I agree with you on the principle, it’s just that I’m a rather social averse person so I was pretty amazed by the expenses once I’ve started tracking them. The ideal way to handle it is to balance the spent amount with the pleasure/joy received, discounting any amount of joy decrease we may feel by overtracking these amounts instead of simply living. I’m an Excel nerd so over gathering data and comparing it to everything I can, thrice, each time with a different model, actually increases the amount of joy I get. ^^

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Haha, okay. So this is reassuring. We’re at abut 2000 kWh/year.

(Btw, now that I know that you’re in Valais/Walllis I understand why you say everything in French/German)

Exams…

Kudos for this mustachian, life hacking and partnership strengthening approach !! Now I want some pizza… Where do you live ? :smiley:

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Here I am again. Encouraged by the other topic, here’s my detail for 2020:

Interestingly enough, even though the pandemic has changed my habits and you can see that in many of the categories, all in all I stay stable at 50kCHF expenses + taxes which come at around 30k.

In 2021 I’ll be moving to a more expensive apartment (I know…) and will be commuting a lot more because I got a new job, so we’ll see next year how that worked out.

I feel slightly guilty that you’ve spend a lot of energy giving me feedback last year and I’m doing exactly the same, if not worse in 2021. Shame on me.

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Looks like you didn‘t get rid of PF. why not switch to IB and save those 500 CHF?
Why is fitness such a high number? 1950 CHF sounds like gym, spa and regular massages?
7k for a PC and audio equipment sounds a bit crazy too. What did you get? some Alienware machine and Piega speakers?
Why do you keep the foreign phone number? 45 CHf for phone sounds a lot.

Hope you don’t mind my pointed questions.

On the contrary! If I’m posting my expenses it is because I need for you to challenge my expending. It’s good that I feel accountable about this. Also, coming from someone with your kind of income it’s nice to see that you keep a frugal yet reasonable take on things.

Hope you don’t mind the lengthy answer!

I still have PF for investing, yes, but only the minimum requirements in a 3a fund so that I get all the accounts for free. For me it’s worth it because I have 3 CHF accounts, 2 EUR accounts and free unlimited cash withdrawals worldwise. While there is still the FX rate, withdrawing EUR from the EUR account from a Eurozone ATM is completely free. I value that. Also, I love PostFinance’s ebankin, I’m like that.

The rest I have at my employer’s brokerage account. I’m one of those fortunate ones who must trade at their employer’s because of compliance regulations, even though I do not work in finance but in IT. I’ve been simplifying my portfolio, hence the high turnover and high fees.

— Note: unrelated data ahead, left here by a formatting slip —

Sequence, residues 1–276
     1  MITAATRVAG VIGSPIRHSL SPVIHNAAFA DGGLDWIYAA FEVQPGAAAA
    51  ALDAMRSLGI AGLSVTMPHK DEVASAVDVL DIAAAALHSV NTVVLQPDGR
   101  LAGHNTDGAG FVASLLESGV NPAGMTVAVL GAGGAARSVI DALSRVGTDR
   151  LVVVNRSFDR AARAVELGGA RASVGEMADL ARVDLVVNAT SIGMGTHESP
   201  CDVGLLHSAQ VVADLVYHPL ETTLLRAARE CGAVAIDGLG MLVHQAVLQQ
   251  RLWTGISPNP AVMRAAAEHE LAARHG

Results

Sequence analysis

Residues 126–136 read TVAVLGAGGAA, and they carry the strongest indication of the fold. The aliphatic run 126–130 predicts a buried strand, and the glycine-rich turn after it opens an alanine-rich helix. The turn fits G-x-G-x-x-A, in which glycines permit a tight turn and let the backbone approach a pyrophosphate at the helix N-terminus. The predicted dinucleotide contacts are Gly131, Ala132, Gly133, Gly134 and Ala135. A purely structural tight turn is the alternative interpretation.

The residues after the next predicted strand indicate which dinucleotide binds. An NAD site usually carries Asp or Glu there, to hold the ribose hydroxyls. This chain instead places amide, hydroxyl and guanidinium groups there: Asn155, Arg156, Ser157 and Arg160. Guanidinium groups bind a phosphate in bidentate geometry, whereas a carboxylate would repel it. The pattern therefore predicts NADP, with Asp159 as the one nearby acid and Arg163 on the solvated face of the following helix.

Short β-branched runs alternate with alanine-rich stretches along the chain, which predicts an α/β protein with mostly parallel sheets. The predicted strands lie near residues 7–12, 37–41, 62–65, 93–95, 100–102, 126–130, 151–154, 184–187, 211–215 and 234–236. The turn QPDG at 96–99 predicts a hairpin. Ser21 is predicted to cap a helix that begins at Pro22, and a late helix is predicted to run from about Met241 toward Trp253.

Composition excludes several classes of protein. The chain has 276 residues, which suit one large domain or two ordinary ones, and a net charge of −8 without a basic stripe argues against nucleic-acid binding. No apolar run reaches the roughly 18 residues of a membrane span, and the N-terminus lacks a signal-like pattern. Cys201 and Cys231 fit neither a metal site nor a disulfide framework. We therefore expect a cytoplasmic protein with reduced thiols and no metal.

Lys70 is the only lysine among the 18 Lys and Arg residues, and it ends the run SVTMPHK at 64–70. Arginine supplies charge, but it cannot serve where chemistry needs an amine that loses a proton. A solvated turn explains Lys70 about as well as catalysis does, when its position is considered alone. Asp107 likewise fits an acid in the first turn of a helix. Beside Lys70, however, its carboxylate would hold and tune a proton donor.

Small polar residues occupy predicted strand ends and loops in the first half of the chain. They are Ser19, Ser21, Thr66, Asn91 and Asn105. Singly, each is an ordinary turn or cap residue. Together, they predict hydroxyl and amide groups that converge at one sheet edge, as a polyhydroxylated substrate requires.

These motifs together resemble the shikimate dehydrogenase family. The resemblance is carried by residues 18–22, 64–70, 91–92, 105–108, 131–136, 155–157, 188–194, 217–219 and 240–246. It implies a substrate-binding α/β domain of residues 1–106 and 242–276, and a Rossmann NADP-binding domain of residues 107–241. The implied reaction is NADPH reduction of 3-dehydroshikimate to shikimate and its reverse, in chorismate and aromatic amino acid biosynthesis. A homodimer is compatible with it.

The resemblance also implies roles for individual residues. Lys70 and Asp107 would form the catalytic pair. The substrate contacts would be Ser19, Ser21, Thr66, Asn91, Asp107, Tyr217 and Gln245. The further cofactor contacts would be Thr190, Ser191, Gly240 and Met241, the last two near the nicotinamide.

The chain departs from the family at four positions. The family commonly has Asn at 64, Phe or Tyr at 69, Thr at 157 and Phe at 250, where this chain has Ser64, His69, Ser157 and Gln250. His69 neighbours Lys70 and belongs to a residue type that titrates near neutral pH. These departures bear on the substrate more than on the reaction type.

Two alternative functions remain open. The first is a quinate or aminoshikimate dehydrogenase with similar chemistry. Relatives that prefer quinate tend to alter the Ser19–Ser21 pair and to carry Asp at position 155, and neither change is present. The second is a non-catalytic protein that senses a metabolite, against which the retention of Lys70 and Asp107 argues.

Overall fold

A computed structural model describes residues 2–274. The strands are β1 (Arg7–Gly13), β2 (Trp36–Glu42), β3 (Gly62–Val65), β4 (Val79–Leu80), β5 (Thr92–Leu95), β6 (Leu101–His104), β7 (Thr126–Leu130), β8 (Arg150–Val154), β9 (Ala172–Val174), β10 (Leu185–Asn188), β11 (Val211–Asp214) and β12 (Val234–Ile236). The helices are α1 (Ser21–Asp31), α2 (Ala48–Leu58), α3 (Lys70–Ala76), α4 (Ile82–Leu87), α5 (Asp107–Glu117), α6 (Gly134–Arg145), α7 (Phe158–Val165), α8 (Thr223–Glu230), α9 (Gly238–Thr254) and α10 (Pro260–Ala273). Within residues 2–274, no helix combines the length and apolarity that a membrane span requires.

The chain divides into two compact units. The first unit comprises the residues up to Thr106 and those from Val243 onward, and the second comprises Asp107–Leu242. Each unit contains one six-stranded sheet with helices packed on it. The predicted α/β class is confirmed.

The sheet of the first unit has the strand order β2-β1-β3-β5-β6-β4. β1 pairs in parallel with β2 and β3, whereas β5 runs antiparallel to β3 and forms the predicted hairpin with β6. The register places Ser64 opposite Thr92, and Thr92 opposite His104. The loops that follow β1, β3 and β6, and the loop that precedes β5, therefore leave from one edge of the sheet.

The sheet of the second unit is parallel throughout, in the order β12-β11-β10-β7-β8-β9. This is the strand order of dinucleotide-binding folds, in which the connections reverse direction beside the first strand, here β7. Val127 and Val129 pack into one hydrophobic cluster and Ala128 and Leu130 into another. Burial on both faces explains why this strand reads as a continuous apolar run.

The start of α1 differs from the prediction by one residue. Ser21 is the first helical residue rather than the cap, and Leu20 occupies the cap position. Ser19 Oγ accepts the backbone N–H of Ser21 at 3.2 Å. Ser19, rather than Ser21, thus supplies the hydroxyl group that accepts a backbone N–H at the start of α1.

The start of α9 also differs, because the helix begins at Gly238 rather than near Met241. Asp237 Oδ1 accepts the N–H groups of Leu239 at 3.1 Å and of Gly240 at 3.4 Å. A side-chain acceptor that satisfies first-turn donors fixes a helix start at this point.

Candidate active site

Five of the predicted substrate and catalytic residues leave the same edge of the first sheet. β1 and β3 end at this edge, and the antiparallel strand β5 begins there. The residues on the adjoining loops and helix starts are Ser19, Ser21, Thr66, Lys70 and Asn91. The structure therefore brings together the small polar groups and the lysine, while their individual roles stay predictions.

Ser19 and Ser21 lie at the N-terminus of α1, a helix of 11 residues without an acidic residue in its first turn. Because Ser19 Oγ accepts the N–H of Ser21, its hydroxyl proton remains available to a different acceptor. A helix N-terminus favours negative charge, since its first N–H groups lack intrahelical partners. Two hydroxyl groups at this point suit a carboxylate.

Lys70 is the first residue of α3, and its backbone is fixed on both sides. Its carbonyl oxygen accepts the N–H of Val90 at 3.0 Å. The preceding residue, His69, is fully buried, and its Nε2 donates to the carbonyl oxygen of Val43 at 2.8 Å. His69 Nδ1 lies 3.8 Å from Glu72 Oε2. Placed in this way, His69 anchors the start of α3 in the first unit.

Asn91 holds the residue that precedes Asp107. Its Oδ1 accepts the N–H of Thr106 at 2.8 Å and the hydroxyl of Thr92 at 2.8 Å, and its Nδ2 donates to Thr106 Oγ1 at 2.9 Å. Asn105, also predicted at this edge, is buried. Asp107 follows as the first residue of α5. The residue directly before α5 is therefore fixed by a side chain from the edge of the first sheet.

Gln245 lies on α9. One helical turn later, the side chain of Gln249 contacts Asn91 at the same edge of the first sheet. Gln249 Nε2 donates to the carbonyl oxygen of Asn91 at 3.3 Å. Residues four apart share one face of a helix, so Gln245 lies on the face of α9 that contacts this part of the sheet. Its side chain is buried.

Also, I’m switching employers in 2021 and my new one is also a financial institution with even higher fees for employees (!), so I needed a simpler set-up. Also because I will have to pay for the transfer costs out of my own pocket and these are per position.

I had been putting fitness off for many years. So I hired a personal coach. No spa, no massages. If only! I know, rich-person way of doing, but it really helped me. As you can see, I’ve needed him much less in 2020 than in 2019 as I do a lot at home by myself now. I consider this an investment in my health, physical but also mental!

I do like audio, also producing it myself. Here are my excuses:

  • First I got a fixed PC with a big processor and a lot of ram (CHF 1’200) so that I could be more productive when rendering audio and honestly, I’m happy with the results. It’s not a gaming PC since I don’t render video, only audio.
  • Then my portable PC broke down and I ended buying an ultrabook to replace it, also at around 1’100 CHF. I don’t regret this as I use it very often and I’m more productive than from the iPad I had been using in mobility. Did I mention I also enjoy writing?
  • As many have done during the soft confinement, I have made some home improvement work. In my case this included finally installing an audio system in the dining room which we have used extensively ourselves and when having people over. Amplifier and speakers set me back around 1’000 CHF.
  • As I was enjoying my hobby more often at home, I also spent about 2’500 CHF in new recording equipment including pre-amplifiers, an audio interface and a couple of new microphones.
  • The part I regret: I upgraded my home cinema speakers. Never Piega! Just some Dali, but still, this was completely unnecessary as the only improvement that is noticeable is when listening to stereo music, and that doesn’t require a new centra channel speaker.

I know…

I need it for online banking, stupid banks. It only costs me 2 EUR/month so that’s okay. The real expense comes from my Sunrise 42.-/month plan. It’s unlimited everything including calls to/from Europe/US/Canada and unlimited roaming. I consider this a bit of a luxury, but any year other than 2020 I would travel a lot and I also call my family on the phone because they are not tech-savvy. For me this is a confort choice cheaper than eating out.

In 2021 I expect transportations costs to go up, rent costs to go up and also educations costs. I will also need new furniture. But electronics, fitness should decrease dramatically. I have also made the choice to clean my apartment myself, so no more help. And online services should cost have as I will be billed correctly.

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Electronics clarifications sound fair.

Hehe, indeed not the most frugal way but probably worthwhile in relation to the health issues/spending.

Fun fact, I haven’t paid for a mobile phone plan since 2006 because all my employers ended up paying it. Might be worthwhile to check with the new employer if they cover phone costs.